Valerie Plame film panned all around
A remarkable degree of consensus has broken out. No, not on the tax deal, but on a film, the subject of which was once the subject of political warfare between right and left. The Post editorial board, Judith Miller, and conservative writers now agree: Fair Game, the film portrayal of the Valerie Plame affair, is an outrageous fabrication. Miller, the former New York Times reporter who was jailed for refusing to reveal the source of her story on the leak, is the latest to weigh in. She has the goods on the long list of distortions, but I will focus on just one:
The person who first leaked the fact that Mr. Wilson's wife worked at the CIA to conservative columnist Robert Novak--who published that information, and her name, despite his opposition to the Iraq war--was not a White House official. He was State Department official Richard Armitage. Like his boss, Secretary of State Colin Powell, Mr. Armitage was critical of the push to war.
Yet Mr. Armitage has no on-screen role in the film. He is mentioned only in the film's text epilogue.
The tension between the hawks in the White House and the more skeptical State Department is one of those inconvenient truths the filmmakers apparently chose to ignore. Acknowledging it would contradict the notion of a grand government conspiracy to punish Mr. Wilson, as well as the "Bush Lied, People Died" mantra.
Colin Powell, a figure who has attained near-sainthood among the liberal elites for, among other things, opposing the surge in Iraq, endorsing Barack Obama and reiterating whatever may be the mainstream liberal position of the day (be it on support for affirmative action or the START treaty), was central to this tale, a fact that even some critics of the film are queasy about pointing out. Perhaps now it's time for left and right to be candid: If not for the decision by Powell to remain mute about the identity of the leaker, Armitage, and not Scooter Libby, would have been the rightful subject of the inquest. But how likely would an inquest have been if the identity of the leaker was not the target of the Bush critics' ire?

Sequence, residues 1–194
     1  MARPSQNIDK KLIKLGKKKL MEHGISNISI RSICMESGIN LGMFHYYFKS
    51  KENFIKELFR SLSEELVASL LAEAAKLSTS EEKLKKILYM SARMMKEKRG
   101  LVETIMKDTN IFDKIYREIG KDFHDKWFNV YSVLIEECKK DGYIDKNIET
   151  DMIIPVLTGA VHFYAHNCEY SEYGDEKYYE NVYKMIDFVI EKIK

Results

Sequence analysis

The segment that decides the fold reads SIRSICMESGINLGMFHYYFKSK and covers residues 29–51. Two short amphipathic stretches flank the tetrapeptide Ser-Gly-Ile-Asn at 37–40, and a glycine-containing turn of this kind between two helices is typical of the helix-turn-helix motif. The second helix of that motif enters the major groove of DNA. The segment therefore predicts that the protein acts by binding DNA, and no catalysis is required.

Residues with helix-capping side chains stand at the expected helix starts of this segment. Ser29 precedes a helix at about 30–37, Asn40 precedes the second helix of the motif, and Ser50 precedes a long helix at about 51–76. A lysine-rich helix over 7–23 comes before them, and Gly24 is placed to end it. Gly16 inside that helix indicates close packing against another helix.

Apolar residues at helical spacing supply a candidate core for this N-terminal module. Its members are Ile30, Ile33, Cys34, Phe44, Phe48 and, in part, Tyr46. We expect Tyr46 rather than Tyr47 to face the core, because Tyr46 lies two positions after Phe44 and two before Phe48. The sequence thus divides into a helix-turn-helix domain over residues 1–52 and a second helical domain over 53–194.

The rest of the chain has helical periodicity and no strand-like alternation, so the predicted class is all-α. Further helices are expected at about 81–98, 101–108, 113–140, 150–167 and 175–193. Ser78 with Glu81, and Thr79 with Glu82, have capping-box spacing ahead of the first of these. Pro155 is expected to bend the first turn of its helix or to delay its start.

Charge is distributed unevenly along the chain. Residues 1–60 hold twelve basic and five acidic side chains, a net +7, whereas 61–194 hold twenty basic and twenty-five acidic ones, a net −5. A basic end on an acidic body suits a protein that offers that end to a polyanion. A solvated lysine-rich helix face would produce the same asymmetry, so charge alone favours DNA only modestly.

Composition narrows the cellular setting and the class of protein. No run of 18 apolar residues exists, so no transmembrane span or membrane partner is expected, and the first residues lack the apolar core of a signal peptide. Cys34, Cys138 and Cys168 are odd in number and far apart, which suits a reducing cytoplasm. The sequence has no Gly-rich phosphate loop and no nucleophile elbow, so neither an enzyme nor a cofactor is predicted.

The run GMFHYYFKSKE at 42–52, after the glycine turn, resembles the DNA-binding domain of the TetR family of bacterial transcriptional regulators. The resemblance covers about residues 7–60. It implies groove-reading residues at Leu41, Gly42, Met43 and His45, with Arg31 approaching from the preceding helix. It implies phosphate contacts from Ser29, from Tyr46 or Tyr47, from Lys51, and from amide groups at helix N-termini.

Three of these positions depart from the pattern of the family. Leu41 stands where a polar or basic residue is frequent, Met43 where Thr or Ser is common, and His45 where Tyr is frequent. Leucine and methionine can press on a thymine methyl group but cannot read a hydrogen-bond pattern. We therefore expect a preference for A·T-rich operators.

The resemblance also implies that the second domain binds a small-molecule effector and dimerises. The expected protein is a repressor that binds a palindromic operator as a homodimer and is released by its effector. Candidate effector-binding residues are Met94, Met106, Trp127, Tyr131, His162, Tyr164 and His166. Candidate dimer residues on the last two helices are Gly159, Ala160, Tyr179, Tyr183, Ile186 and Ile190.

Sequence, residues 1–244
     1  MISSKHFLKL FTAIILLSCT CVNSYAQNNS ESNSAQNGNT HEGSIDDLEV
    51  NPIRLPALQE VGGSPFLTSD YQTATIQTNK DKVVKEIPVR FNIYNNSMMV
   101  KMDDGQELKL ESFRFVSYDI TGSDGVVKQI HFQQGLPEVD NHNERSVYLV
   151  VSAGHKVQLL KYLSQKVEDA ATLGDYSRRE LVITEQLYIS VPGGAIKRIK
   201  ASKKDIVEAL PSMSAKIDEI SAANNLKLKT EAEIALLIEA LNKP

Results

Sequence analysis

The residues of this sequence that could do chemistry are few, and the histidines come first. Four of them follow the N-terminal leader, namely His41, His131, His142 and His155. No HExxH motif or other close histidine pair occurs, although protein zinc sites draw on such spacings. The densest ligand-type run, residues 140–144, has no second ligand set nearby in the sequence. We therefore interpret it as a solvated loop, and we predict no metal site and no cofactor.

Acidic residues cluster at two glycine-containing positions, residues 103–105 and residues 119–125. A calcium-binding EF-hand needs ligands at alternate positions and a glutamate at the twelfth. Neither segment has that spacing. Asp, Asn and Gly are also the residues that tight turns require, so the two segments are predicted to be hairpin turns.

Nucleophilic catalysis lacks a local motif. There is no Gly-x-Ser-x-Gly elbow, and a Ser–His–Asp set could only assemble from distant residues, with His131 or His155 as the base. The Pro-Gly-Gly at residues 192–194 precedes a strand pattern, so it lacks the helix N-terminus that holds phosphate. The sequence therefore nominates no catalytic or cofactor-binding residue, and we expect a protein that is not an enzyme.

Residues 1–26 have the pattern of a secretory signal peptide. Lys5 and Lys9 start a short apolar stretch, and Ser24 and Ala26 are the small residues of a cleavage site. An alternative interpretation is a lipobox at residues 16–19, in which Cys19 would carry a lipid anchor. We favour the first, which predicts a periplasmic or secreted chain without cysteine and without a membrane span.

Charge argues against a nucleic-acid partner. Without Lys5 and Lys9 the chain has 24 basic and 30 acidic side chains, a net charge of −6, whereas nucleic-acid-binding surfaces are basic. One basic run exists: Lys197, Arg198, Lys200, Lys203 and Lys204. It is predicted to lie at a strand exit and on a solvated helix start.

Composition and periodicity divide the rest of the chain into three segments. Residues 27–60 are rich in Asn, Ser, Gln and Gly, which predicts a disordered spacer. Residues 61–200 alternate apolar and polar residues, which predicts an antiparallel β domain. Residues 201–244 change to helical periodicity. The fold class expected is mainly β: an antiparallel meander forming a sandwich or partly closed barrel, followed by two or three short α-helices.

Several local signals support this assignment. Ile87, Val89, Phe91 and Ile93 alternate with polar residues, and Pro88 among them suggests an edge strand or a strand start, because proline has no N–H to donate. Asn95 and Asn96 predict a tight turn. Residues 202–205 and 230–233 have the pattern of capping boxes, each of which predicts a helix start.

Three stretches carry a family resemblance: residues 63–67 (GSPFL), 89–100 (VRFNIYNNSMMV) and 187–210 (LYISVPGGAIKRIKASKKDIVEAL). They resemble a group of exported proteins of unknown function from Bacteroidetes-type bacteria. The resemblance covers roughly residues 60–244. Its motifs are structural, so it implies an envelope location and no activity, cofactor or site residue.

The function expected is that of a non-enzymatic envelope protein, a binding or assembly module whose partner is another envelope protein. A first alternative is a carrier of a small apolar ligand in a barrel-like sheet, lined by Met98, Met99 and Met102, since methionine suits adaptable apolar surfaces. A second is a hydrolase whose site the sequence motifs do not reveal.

Miller does us a service by reminding us that Plame was not the super-heroine depicted in the film, and her husband was not the whistleblower he made himself out to be. But more importantly, she reminds us that the entire investigation and the subsequent prosecution and conviction of Scooter Libby was based on a false theory (the precise falsehood spun by the film), namely that Plame's "outing" was a plot by Vice President Dick Cheney, executed by his loyal advisor. The facts said otherwise, but, as Miller points out, "Patrick Fitzgerald, the special prosecutor who would have indicted the proverbial ham sandwich, never indicted anyone for having outed Ms. Plame." Libby was convicted, without the benefit of critical expert testimony on memory and in contravention of substantial evidence that this was a garden-variety instance of innocent misrecollection.
It's an uncomfortable subject for many on the right, as well. For George W. Bush, who had an opportunity to grant Libby a pardon, refused to do so, based on advice of White House counsel Fred Fielding. One wonders what Fitzgerald, Armitage, Powell and Fielding think of the film, or whether any of them experience a pang of remorse in moments of quiet contemplation.
Posted by: rcaruth | December 9, 2010 2:53 PM | Report abuse
Posted by: RAS743 | December 9, 2010 3:59 PM | Report abuse
Posted by: rbpgregory | December 9, 2010 5:38 PM | Report abuse
Posted by: TYoke | December 9, 2010 6:24 PM | Report abuse
Posted by: DavidThomson | December 9, 2010 7:15 PM | Report abuse
Posted by: tjcole1 | December 11, 2010 12:28 AM | Report abuse
Posted by: Kate40 | December 12, 2010 5:47 PM | Report abuse
The comments to this entry are closed.